Friday, May 6, 2011

Comment Highlights 5/06/2011

Another great week for thoughtful comments!

From Cognitive Dissenter on No, I’m not happy that bin Laden is dead:
It's analogous to the death penalty. There are people in this world who do horrific things.   But celebrating anyone's death is also horrific.
We all know what kind of man Osama bin Laden was and that he committed atrocities.  What disturbs me more than anything about the jubilant celebration of his death -- indeed the party atmosphere -- is what it says about us.

From FreeFox on the same post:
I think not only the celebrations but the killing itself is utterly appalling.
I do not really doubt that Osama bin Laden was a criminal. Especially sceptics make a big thing of the value of the objectivity achieved by the scientific method. I think that Due Process is a civilisatory achievement designed to remove bias and with it revenge from a system meant to deliver justice. Just like with the Guantanamo bay prison, or the treatment of Bradley Manning, I cannot see any special circumstance in this that even begins to counterweight the casting aside of such a basic and important tool.
It's not the gut feeling of revenge displayed by so many that frightens me - that I can understand - and I do not think that it is that in which we should differ from the unenlightened theoratic masses: Humans are human, and vengefulness is a common human trait. But the point of Enlightenment was that Government, to be of benefit to humanity, has to rise above this human irrationality. More important than the seperation of Church and State is the seperation of Gut and State. And in a Democracy we, the people, are the appointed guardians of that achievement. To give up due process is a HUGE step towards true barbarism, in fact, it embodies barbarisms true soul. Allowing this, celebrating this, demonstrates our failure in this appointment.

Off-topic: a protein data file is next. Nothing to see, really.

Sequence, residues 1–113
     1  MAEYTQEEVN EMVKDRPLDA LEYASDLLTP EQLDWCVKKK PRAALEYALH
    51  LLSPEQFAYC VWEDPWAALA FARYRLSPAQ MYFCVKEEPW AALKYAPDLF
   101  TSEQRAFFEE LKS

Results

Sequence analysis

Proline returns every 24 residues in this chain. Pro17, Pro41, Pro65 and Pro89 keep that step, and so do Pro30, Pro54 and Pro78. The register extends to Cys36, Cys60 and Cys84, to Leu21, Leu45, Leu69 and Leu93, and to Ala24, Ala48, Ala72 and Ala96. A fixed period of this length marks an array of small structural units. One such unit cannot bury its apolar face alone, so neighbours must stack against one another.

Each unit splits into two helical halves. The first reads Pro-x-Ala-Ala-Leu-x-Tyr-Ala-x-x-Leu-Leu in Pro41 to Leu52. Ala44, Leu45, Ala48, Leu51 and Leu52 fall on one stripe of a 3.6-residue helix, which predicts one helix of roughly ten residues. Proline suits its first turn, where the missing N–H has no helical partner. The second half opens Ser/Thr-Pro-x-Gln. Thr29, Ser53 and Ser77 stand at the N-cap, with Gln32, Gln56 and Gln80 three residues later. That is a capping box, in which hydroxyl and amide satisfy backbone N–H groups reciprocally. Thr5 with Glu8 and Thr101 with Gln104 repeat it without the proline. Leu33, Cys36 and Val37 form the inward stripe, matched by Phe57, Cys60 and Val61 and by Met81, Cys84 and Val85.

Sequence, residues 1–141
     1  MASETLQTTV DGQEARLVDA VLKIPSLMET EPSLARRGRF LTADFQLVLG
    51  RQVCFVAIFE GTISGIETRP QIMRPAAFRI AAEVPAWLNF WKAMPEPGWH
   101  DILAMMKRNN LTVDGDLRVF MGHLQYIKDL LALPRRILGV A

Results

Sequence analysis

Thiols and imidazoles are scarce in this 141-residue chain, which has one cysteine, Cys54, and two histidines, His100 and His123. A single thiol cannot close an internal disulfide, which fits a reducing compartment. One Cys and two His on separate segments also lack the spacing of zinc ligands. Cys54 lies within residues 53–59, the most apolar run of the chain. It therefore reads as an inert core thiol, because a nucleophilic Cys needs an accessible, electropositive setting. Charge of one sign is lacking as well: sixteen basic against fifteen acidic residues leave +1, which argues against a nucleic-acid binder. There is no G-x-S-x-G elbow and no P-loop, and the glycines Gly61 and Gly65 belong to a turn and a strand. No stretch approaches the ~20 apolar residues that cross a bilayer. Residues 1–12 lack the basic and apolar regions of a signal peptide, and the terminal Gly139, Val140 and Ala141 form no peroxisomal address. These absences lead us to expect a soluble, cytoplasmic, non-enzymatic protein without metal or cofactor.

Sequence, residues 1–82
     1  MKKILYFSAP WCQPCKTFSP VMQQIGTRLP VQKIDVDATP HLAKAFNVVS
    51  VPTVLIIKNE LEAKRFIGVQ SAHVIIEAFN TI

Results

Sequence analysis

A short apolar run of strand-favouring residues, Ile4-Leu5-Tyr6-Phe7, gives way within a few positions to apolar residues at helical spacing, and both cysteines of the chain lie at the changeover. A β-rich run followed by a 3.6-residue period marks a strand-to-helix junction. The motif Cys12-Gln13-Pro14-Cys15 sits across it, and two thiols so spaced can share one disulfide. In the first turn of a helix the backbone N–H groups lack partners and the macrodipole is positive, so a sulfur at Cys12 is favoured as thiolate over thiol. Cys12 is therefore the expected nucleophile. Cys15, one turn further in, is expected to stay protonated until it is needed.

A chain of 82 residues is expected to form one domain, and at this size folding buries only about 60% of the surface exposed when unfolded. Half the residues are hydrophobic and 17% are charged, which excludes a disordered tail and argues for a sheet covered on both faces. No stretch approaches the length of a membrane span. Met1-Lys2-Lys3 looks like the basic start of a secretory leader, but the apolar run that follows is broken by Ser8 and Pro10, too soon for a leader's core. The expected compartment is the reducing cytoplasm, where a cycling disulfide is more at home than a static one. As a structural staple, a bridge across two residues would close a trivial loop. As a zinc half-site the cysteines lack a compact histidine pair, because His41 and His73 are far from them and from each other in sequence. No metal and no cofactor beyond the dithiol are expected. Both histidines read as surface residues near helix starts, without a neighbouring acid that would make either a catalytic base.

So in death Osama bin Laden is indeed victorious over the West. We HAVE become him.
From Tachyon Feathertail on “Why do you still like religion when you don’t believe in it?”
I'm definitely with you, in that I also became an atheist and then felt like something was missing. In my case, though, it wasn't attending religious services, it was having a personal spiritual connection with the divine.
I finally had to let go of trying to define my goddess and just let her be herself, and as soon as I did I had a profound spiritual experience that made a huge difference in my life. But I still face derision from fundamentalist atheists, because apparently I'm not allowed to have the kind of experience. (It's either that, or "Oh, I get the same feelings in nature / spending time with family." Good for you, now stop trying to tell me where I should be getting them from. Assuming we're even talking about the same feelings to begin with, which neither of us can prove.)
Feathertail also had a great blog post exploring the ideas in this comment in more detail.

And one more announcement, Tristan Vick, Bud Uzoras and Mike Doolittle have joined forces and are now writing a blog together called Three Skeptics. Check it out!

Happy weekend!


If you enjoyed this post, I hope you'll check out my new blog.


  1. Cognitive DissenterMay 6, 2011 at 12:42 PM

    Thanks Leah! I read a thoughtful post on the OBL thing just this morning from Decrepit Old Fool (I just linked to him on my blog via my blogroll). He makes some insightful observations.

    Love this quote for example: "And yes, Osama is dead. He could never have acquired a following and become powerful if we did not have a strategic need to control the oil supply. We want to think of him as evil - desperately need to think of him as evil. And he was evil but our need to see him that way is blinding us to some other things we ought to see."

  2. Aw, thanks, Donna! Having great thinkers for readers helps too. :-)

  3. Remove first the beam from your own eye, eh?


Religion, skepticism, and carving out a spiritual life post-Mormonism